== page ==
Who she is: Renee Hahnel was born in Melbourne, Australia, and only five years after that, she caught the travel bug when her family embarked on a road trip up the country’s eastern coast. Today, she lives in Seattle with her husband, Matthew, and runs the Renee Roaming blog, which covers topics such as adventure, photography, social media, being a woman in the outdoor community, and traveling as a couple.
Her creative habit: “Being a travel photographer and blogger, I spend around 70 percent of the year away from home. When I’m back in Seattle, it’s imperative for my health and business to have an established routine. I start each morning rising at a similar time by using the ‘bedtime alarm’ on my iPhone. I make my bed, throw on some workout clothes, wash my face, drink a glass of water, and head into my office. I’ve structured my workspace to be a sanctuary of sorts — a quiet space for reflection as well as my place of work. I turn on my oil diffuser, sit down in my meditation corner, and practice stillness for 10 to 20 minutes. Afterward, I write in my five-minute journal — which is essentially a gratitude and goal-setting practice, for those who haven’t heard of it. From there, I head downstairs to move my body, either through a quick yoga or body weight/resistance workout. Lastly, I have my morning coffee or tea while spending some time reading or listening to a podcast.
“Only once all this is done will I consider taking my phone off of airplane mode and beginning my day’s work. I usually fit this routine into a 60- to 90-minute window (depending on how long I work out). These morning rituals help me start my day off with clear intentions and a positive mindset, therefore boosting my creativity and productivity throughout the day.”
Passion Passport features: Documenting All 59 U.S. National Parks
Zach Murphy (@the.traveling.zam)
Who he is: With a background in graphic design and marketing, Zach Murphy has turned his artistic passion toward documenting the unique people and places of the world through the lens of photography. He’s worked as a portrait photographer for a studio in Australia, captured the beautiful landscapes of the Mediterranean for various travel companies, and created awareness as a humanitarian photographer for non-profits and mission organizations in Africa, Asia, and South America. He also founded the Faces of Places Project in 2015, which seeks to capture humanity through portraiture.
His creative habit: “The best way for me to stay inspired and be pushed creatively is to break my routine. As a traveler, I find myself waking up in a new place every few days, meeting new people, and trying new foods. It’s the people I meet and the ever-changing horizon that pushes me to travel deeper and explore further.
“However, I find that within my constantly changing environment, there are a few steps I can take that allow me to be most productive in my travels. First is finding a good map. I use Maps.me, an offline map that can be downloaded before any journey and that tracks your movements without a data plan or WiFi. It’s a crowdsourced platform, so as other travelers use it, certain points of interest are highlighted on the map. Viewpoints are the most essential spots for me as a photographer, so I make note of hilltops and tall buildings while planning my route. Additionally, I use Instagram to see what other travelers have found picturesque. I can search using hashtags, geotags, or aggregate accounts to find the best spots to visit. Then, I screenshot photos for inspiration and tag their locations on my offline map so that I can keep track of them as I’m exploring a foreign location. The third step is to use non-Golden-Hour times to do the footwork and scout out the locations and angles I want to shoot so I can be efficient when I return during preferable lighting. Since I’m a runner, I try to incorporate my exercise into this location-scouting as well. I typically do this without the weight or distraction of my camera, and focus instead on maximizing my time and simply enjoying a familiar activity in a foreign location.”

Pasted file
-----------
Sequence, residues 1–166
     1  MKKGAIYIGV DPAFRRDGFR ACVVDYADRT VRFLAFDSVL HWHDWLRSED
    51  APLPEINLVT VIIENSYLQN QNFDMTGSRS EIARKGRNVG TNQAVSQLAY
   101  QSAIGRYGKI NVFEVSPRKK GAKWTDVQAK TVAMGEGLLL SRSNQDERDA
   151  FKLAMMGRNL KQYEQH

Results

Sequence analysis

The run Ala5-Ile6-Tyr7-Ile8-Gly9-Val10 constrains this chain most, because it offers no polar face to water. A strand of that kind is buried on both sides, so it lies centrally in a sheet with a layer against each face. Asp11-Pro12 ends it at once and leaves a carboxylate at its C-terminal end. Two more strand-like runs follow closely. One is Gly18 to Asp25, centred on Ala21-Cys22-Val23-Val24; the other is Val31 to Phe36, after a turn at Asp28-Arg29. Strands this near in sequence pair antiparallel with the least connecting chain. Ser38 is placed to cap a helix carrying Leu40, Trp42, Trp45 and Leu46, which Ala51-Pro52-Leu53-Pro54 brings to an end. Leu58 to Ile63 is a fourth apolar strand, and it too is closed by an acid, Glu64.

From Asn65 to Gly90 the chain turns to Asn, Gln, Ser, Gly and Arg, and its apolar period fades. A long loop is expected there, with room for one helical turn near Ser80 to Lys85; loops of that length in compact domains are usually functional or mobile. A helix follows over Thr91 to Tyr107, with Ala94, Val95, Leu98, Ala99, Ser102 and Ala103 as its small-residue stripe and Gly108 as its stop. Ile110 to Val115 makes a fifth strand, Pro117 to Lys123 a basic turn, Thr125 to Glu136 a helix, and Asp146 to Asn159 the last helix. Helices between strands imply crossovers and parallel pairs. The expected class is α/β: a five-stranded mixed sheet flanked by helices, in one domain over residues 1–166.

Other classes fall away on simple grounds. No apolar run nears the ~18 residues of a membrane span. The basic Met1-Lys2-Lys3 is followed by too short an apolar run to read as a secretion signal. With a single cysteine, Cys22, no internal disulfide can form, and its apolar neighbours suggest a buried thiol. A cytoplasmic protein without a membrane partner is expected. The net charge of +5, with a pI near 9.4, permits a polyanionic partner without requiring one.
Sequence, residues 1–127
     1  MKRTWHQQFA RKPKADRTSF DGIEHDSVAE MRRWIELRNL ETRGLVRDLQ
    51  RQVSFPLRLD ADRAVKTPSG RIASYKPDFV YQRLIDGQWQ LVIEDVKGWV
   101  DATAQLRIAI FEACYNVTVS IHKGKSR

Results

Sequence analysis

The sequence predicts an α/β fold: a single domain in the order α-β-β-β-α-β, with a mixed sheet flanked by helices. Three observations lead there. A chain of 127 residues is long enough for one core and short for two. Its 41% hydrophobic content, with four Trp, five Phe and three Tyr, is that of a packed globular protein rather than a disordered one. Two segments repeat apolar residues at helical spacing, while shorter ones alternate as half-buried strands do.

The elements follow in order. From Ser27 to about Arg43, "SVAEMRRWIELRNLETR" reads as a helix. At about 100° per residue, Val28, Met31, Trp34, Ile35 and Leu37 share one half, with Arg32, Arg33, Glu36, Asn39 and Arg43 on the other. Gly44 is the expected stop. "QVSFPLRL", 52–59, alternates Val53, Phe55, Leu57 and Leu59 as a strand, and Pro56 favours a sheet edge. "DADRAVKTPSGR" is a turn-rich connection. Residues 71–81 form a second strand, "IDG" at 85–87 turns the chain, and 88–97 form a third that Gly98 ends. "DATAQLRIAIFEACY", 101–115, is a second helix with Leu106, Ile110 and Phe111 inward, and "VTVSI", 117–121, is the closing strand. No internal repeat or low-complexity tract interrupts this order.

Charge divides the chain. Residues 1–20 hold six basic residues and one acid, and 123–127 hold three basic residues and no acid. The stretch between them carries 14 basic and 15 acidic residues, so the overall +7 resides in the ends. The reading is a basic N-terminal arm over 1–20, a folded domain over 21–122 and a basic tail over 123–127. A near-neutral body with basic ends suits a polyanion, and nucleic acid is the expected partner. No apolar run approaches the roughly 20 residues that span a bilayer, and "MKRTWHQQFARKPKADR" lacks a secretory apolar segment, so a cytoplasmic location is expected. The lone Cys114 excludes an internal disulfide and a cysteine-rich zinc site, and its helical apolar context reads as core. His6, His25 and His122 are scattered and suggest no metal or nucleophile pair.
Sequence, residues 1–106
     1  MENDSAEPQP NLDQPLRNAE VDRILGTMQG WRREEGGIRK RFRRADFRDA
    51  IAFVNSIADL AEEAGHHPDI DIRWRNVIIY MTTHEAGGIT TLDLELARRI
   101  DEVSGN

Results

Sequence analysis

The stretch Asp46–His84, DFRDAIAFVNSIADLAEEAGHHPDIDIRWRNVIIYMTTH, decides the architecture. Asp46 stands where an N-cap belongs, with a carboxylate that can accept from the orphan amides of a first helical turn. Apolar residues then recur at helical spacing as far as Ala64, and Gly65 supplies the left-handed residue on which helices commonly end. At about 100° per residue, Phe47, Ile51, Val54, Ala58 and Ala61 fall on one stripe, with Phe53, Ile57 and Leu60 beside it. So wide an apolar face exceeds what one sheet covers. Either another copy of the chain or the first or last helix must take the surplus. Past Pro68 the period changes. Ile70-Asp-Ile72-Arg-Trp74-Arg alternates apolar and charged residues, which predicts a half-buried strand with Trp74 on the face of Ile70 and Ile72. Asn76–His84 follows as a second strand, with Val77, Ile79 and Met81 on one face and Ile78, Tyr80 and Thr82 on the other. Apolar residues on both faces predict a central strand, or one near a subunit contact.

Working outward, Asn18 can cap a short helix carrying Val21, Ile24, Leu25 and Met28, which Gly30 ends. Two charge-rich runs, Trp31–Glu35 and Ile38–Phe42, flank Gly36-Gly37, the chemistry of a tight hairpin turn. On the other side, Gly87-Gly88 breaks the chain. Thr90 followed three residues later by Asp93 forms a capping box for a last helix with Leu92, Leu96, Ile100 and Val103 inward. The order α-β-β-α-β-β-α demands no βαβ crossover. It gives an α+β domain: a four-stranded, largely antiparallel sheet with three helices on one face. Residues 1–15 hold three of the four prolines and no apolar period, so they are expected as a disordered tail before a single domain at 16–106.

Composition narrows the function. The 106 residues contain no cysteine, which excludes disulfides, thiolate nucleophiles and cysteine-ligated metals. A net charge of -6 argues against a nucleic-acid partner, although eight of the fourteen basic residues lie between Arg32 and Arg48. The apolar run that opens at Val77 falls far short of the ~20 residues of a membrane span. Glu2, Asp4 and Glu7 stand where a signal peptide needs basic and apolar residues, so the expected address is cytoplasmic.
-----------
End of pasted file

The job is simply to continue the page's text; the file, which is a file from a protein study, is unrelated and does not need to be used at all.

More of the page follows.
Rachel Rudwall (@rachelroams)
Who she is: Rachel Rudwall is an Emmy-nominated on-camera host, producer, camera operator, speaker, writer, and photographer based in Los Angeles. A seasoned adventurer, Rachel has explored nearly 70 countries across all seven continents and has hosted travel shows such as HLN’s “Vacation Chasers” and the Travel Channel’s “Epic Lists.” She is also the creator and host of the popular “UROAM” web series, in which she travels to destinations chosen by her followers and produces short videos chronicling her adventures there.
Her creative habit: “Unfortunately, getting the creative juices flowing doesn’t just happen at the snap of a finger for most of us — we have to be in the right mindset for those sparkly little artistic neurons to start firing. (Or, alternatively, under the crushing weight of a tight deadline — I find that always helps.) For me, the best way to get the creativity flowing is to get my blood flowing first! My strongest inspirations typically come from being active outdoors… there’s nothing like spending a few days hiking in the backcountry to strip away the mental blocks and reveal the creator in me. When I don’t have time to get outside, however, I still make time to be active every morning, starting the day with a high-intensity workout. Getting my sweat on encourages the production of both endorphins and creative deliverables, as it boosts my happiness, my sense of self-confidence, and the amount of head space I’ve got to relax into the creative process.”
Passion Passport features: 33 Female Storytellers Who Are Changing the Face of Travel
What do you do to get in YOUR creative groove? Sound off in the comment section to let us know!
Header image by Christopher Jolly